Photos courtesy San Antonio Fire Department
The Bexar County Sheriff's Office confirms that a deputy died Sunday after her car fell into the sinkhole. Per Bexar County Sheriff Susan Pamerleau:
“We are heartbroken to confirm Deputy Dora Linda (Solis) Nishihara passed away after her car fell into a sinkhole Sunday. Our thoughts and prayers are with her friends and family. Deputy Nishihara worked as a Reserve Deputy from August 2009 to October 2016 before transitioning to a part-time Deputy at the Bexar County Courthouse in October of this year. We are assisting her family as they deal with this tragedy.”
Meanwhile, District 4 Councilman Rey Saldaña put out this statement:
“We must identify the origins of the problem that caused yesterday’s sinkhole incident, the City, in conjunction with the San Antonio Water System will find answers that are not yet clear today. I would like to acknowledge the heroism of two bystanders who helped rescue a 60-year-old man in a vehicle that had fallen into the sinkhole. That victim was transported to a local hospital for treatment and we wish him a speedy recovery. Unfortunately, the driver of the second vehicle was not able to exit the vehicle. San Antonio Fire Chief Charles Hood confirmed this morning that crews had switched from a rescue to a recovery mission. Our thoughts and prayers are with the family of the victim during this extremely difficult time.”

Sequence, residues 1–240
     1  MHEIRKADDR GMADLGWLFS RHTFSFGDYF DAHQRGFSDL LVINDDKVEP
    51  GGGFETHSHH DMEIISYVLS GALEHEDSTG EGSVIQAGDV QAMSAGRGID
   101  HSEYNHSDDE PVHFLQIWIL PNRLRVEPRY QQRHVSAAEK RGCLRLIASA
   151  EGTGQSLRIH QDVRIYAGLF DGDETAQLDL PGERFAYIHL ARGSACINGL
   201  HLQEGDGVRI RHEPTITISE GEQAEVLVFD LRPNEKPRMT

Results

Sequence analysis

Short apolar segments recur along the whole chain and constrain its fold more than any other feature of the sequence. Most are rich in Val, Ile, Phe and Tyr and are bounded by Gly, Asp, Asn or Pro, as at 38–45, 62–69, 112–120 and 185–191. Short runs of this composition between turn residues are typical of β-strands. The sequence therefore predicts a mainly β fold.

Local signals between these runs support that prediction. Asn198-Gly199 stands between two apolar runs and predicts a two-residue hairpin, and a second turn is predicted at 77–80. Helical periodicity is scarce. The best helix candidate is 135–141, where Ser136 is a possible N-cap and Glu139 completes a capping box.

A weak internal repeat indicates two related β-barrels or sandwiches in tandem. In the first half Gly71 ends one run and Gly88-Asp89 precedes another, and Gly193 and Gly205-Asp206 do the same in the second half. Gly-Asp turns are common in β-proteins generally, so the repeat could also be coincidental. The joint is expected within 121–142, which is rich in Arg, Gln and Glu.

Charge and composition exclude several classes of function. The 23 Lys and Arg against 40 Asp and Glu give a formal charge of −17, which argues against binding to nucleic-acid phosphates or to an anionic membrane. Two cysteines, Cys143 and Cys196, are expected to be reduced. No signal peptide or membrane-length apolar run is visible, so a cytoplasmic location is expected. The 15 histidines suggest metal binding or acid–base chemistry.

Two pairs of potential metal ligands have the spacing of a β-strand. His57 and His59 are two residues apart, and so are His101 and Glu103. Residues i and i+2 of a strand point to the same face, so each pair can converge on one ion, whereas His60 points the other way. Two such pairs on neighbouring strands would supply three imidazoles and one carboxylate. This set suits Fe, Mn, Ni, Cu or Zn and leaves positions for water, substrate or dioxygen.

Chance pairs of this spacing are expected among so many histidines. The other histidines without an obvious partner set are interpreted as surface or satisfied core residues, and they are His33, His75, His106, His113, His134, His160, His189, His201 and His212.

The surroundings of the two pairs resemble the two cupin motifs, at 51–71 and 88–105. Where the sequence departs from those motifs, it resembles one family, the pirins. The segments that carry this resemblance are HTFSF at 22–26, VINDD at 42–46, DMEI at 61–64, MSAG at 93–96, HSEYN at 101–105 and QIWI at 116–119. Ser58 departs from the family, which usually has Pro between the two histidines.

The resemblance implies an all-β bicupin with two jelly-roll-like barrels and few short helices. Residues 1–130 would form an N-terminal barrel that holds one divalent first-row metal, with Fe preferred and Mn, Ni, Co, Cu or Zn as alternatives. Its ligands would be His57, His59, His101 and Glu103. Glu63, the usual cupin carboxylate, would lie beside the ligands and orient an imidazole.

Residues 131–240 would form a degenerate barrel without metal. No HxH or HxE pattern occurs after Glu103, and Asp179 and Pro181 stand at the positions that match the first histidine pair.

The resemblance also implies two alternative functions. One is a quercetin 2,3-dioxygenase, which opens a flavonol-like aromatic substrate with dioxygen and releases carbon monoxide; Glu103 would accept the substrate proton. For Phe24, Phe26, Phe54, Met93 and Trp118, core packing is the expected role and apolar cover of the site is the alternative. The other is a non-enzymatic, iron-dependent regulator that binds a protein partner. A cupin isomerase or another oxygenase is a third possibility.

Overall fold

A gigantic sinkhole in Southwest San Antonio swallowed two cars and claimed someone's life Sunday night.
City officials say a sewer line rupture may have caused the pavement on Quintana Road to collapse some 20 feet underground — pulling two cars down with it. Only one of the drivers, a 60-year-old man, managed to escape. The San Antonio Fire Department says the other person is still inside the vehicle, and is believed to be dead.
While firefighters are trying to pull the remaining body out of the sinkhole, now filled with 12 feet of muddy rain and sewage water, the surrounding pavement is still extremely unstable. SAFD battalion chief Brian O’Neil told the Express-News
that if anyone fell inside the sinkhole, they’d likely be swept underground.
San Antonio Water System officials said the weekend's heavy rains have already caused at least four different sewage spills and line breaks.